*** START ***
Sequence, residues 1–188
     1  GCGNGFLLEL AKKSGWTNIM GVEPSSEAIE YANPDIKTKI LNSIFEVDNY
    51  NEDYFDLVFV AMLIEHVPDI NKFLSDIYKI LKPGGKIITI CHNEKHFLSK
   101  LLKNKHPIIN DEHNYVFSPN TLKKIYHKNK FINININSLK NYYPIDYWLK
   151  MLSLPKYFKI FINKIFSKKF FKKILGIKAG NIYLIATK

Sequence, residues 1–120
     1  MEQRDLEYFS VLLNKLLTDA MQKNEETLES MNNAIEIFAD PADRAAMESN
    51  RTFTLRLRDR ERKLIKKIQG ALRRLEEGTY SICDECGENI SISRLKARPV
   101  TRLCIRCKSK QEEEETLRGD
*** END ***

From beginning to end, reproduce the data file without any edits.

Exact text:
Sequence, residues 1–188
     1  GCGNGFLLEL AKKSGWTNIM GVEPSSEAIE YANPDIKTKI LNSIFEVDNY
    51  NEDYFDLVFV AMLIEHVPDI NKFLSDIYKI LKPGGKIITI CHNEKHFLSK
   101  LLKNKHPIIN DEHNYVFSPN TLKKIYHKNK FINININSLK NYYPIDYWLK
   151  MLSLPKYFKI FINKIFSKKF FKKILGIKAG NIYLIATK

Sequence, residues 1–120
     1  MEQRDLEYFS VLLNKLLTDA MQKNEETLES MNNAIEIFAD PADRAAMESN
    51  RTFTLRLRDR ERKLIKKIQG ALRRLEEGTY SICDECGENI SISRLKARPV
   101  TRLCIRCKSK QEEEETLRGD